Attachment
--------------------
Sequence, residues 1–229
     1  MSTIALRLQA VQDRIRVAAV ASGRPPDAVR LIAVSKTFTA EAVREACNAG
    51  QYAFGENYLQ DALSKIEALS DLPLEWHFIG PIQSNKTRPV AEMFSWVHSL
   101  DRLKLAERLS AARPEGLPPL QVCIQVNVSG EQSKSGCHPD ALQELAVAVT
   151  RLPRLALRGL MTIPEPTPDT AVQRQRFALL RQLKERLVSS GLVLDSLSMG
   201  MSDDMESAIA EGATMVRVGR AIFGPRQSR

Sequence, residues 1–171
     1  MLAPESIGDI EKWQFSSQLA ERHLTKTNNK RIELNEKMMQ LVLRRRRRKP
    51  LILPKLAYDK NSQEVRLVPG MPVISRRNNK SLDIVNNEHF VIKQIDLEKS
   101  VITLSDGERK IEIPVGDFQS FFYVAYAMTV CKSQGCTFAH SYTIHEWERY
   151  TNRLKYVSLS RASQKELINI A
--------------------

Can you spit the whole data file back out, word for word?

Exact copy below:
Sequence, residues 1–229
     1  MSTIALRLQA VQDRIRVAAV ASGRPPDAVR LIAVSKTFTA EAVREACNAG
    51  QYAFGENYLQ DALSKIEALS DLPLEWHFIG PIQSNKTRPV AEMFSWVHSL
   101  DRLKLAERLS AARPEGLPPL QVCIQVNVSG EQSKSGCHPD ALQELAVAVT
   151  RLPRLALRGL MTIPEPTPDT AVQRQRFALL RQLKERLVSS GLVLDSLSMG
   201  MSDDMESAIA EGATMVRVGR AIFGPRQSR

Sequence, residues 1–171
     1  MLAPESIGDI EKWQFSSQLA ERHLTKTNNK RIELNEKMMQ LVLRRRRRKP
    51  LILPKLAYDK NSQEVRLVPG MPVISRRNNK SLDIVNNEHF VIKQIDLEKS
   101  VITLSDGERK IEIPVGDFQS FFYVAYAMTV CKSQGCTFAH SYTIHEWERY
   151  TNRLKYVSLS RASQKELINI A